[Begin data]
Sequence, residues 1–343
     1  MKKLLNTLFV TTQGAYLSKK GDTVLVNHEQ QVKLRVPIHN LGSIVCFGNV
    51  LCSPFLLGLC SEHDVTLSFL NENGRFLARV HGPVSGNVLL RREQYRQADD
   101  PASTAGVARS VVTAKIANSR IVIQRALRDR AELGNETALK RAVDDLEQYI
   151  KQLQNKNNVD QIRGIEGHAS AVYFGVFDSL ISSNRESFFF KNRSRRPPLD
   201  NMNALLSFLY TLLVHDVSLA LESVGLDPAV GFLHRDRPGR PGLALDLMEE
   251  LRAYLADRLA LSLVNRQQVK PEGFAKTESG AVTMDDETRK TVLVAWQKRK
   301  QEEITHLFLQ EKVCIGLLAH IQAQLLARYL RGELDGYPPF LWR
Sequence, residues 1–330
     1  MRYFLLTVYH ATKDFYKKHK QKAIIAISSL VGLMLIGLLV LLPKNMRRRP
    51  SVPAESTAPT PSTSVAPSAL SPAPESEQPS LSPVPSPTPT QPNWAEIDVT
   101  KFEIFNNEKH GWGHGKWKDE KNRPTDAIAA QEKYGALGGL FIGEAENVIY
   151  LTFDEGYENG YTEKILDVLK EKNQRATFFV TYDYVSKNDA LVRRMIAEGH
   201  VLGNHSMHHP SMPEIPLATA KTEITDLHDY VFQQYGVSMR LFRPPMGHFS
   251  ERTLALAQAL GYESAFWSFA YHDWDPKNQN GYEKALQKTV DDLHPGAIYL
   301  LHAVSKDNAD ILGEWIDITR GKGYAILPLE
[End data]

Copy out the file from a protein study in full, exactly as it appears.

Sequence, residues 1–343
     1  MKKLLNTLFV TTQGAYLSKK GDTVLVNHEQ QVKLRVPIHN LGSIVCFGNV
    51  LCSPFLLGLC SEHDVTLSFL NENGRFLARV HGPVSGNVLL RREQYRQADD
   101  PASTAGVARS VVTAKIANSR IVIQRALRDR AELGNETALK RAVDDLEQYI
   151  KQLQNKNNVD QIRGIEGHAS AVYFGVFDSL ISSNRESFFF KNRSRRPPLD
   201  NMNALLSFLY TLLVHDVSLA LESVGLDPAV GFLHRDRPGR PGLALDLMEE
   251  LRAYLADRLA LSLVNRQQVK PEGFAKTESG AVTMDDETRK TVLVAWQKRK
   301  QEEITHLFLQ EKVCIGLLAH IQAQLLARYL RGELDGYPPF LWR
Sequence, residues 1–330
     1  MRYFLLTVYH ATKDFYKKHK QKAIIAISSL VGLMLIGLLV LLPKNMRRRP
    51  SVPAESTAPT PSTSVAPSAL SPAPESEQPS LSPVPSPTPT QPNWAEIDVT
   101  KFEIFNNEKH GWGHGKWKDE KNRPTDAIAA QEKYGALGGL FIGEAENVIY
   151  LTFDEGYENG YTEKILDVLK EKNQRATFFV TYDYVSKNDA LVRRMIAEGH
   201  VLGNHSMHHP SMPEIPLATA KTEITDLHDY VFQQYGVSMR LFRPPMGHFS
   251  ERTLALAQAL GYESAFWSFA YHDWDPKNQN GYEKALQKTV DDLHPGAIYL
   301  LHAVSKDNAD ILGEWIDITR GKGYAILPLE